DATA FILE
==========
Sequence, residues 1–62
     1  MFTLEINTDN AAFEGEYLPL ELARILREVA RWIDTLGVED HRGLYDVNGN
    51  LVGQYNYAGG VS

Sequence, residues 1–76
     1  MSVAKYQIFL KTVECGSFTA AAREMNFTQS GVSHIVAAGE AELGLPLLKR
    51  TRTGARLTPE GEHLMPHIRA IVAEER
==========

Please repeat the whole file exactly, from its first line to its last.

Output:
Sequence, residues 1–62
     1  MFTLEINTDN AAFEGEYLPL ELARILREVA RWIDTLGVED HRGLYDVNGN
    51  LVGQYNYAGG VS

Sequence, residues 1–76
     1  MSVAKYQIFL KTVECGSFTA AAREMNFTQS GVSHIVAAGE AELGLPLLKR
    51  TRTGARLTPE GEHLMPHIRA IVAEER